About U3A

U3A is the University of the Third Age, a self-help organisation for people no longer in full time employment. It provides educational, creative and leisure opportunities in a friendly environment. There are local U3As all over the UK, which are charities in their own right, run entirely by volunteers.

Local U3As are learning cooperatives which draw upon the knowledge, experience and skills of their own members to organise and provide interest groups in line with the wishes of the members.

The teachers learn and the learners teach and the U3A approach to learning is – learning for pleasure. There is no accreditation or validation and there are no assessments or qualifications to be gained.



The U3A had its origins in 1973 in France, where local U3As were guided by the local university. In 1981, a Cambridge academic, Peter Laslett, hosted a conference to discuss bringing U3A to the UK. In drawing up the objects and principles of the U3A, Laslett rejected the French model and its links to universities.

While the French model remains the typical approach to organising U3As in continental Europe, the self-help model favoured by Laslett has been widely adopted by Commonwealth countries.

The first U3A in the UK was established in Cambridge in 1982 and a national committee was also set up. It consisted of three members, including Peter Laslett, plus a representative from Age Concern who was the executive secretary and the only employee. Most of the initial funding came through a grant of £9,000 from the Nuffield Foundation.

From these beginnings, U3A has expanded steadily and today there are over 1000 local U3As in the UK, with over 400,000 members. Northern Ireland has 23 groups, with around 6,000 members.

The U3A movement in the UK is affiliated to the AIUTA/IAUTA (International Association of Universities of the Third Age), based in the founding university in Toulouse.


U3As consist of a number of interest groups which run weekly, fortnightly, monthly or just occasionally, meeting in halls, members’ houses or at outdoor locations. They cater for a very wide range of activities, reflecting the interests of the membership.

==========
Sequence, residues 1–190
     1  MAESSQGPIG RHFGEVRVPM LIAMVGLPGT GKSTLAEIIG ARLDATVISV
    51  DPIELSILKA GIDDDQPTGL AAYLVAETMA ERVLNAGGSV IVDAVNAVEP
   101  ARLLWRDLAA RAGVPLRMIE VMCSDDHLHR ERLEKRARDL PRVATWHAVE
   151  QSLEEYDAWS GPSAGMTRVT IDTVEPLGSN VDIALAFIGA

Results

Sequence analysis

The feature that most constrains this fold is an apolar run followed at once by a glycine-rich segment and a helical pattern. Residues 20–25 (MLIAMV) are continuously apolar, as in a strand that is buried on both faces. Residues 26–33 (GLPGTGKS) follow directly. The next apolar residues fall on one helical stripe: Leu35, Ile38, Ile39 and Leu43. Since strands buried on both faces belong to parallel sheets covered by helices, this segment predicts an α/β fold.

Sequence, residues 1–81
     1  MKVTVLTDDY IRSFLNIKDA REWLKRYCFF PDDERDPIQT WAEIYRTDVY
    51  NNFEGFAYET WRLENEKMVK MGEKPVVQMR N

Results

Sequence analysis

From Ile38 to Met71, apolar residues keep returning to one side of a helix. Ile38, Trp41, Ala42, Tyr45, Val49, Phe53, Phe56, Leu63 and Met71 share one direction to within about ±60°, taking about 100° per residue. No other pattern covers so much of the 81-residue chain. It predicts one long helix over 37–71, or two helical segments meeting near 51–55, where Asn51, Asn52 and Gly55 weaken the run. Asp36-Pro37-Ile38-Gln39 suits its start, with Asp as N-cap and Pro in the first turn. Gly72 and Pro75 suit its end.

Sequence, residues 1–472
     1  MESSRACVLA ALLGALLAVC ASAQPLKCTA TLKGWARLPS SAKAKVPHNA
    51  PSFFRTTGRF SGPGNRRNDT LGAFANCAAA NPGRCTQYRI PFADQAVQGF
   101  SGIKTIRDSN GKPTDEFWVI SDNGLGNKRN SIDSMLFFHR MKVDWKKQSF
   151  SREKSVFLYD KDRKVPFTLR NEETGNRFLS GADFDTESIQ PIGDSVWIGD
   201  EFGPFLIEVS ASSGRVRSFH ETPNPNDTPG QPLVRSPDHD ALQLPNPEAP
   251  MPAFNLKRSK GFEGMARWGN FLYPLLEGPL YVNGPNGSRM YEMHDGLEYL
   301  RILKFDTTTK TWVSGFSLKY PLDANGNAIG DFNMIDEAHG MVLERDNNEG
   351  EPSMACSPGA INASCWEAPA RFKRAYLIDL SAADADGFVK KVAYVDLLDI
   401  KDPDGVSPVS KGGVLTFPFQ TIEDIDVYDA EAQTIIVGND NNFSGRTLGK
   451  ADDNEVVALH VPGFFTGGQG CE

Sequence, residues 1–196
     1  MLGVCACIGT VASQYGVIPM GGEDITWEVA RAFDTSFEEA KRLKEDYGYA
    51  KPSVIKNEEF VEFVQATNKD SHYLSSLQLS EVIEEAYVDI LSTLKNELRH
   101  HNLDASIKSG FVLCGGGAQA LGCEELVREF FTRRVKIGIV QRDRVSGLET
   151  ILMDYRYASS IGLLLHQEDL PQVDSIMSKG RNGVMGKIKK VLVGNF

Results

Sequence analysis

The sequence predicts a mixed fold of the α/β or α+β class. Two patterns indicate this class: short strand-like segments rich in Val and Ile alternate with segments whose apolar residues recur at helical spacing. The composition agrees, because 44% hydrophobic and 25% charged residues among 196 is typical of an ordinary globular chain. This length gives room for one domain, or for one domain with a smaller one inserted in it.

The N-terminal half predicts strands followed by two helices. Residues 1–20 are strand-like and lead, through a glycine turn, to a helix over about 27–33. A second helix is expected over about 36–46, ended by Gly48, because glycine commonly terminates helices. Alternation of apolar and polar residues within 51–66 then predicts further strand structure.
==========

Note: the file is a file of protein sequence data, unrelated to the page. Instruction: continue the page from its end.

Group leaders are volunteer members, except in the case of activities like Pilates or yoga where there are health and safety considerations. The leaders are often assisted by convenors who look after the practicalities of running a group, for example matters concerning membership, premises and refreshments.

Each U3A is different, with the activities on offer depending on the skills and interests of the members. In North Down & Ards there are over 70 interest groups in six categories: Arts and Crafts, Cultural Appreciation, Languages and Literature, Social Activities, Special Interests, and Sports and Fitness. Details can be found in the Activities section of the website.


The Third Age Trust, established in 1983, is the national representative body for U3As in the UK. It is both a limited company and a registered charity. It underpins the work of local U3As by providing educational and administrative support to their management committees and to individual members and assists in the development of new U3As.

The Trust is managed by a National Executive Committee which consists of a Chairman, three other Officers and 12 representatives from the UK regions. It is funded mainly by annual subscriptions paid by member U3As on a per capita basis, with the occasional grant for specific projects. It has seven full-time and seven part-time staff and is located in Bromley, Kent.

National Office contact details:

Third Age Trust
52 Lant Street
London SE1 1RB

Tel: 020 8466 6139 (Monday to Friday, 9.30am - 5.00pm)  Website: www.u3a.org.uk

Resource Centre
for both administrative and materials support

Tel: 020 8315 0199 (Tuesday to Thursday, 9.30am - 4.00pm)


Northern Ireland Web Design provided by BCS Web Design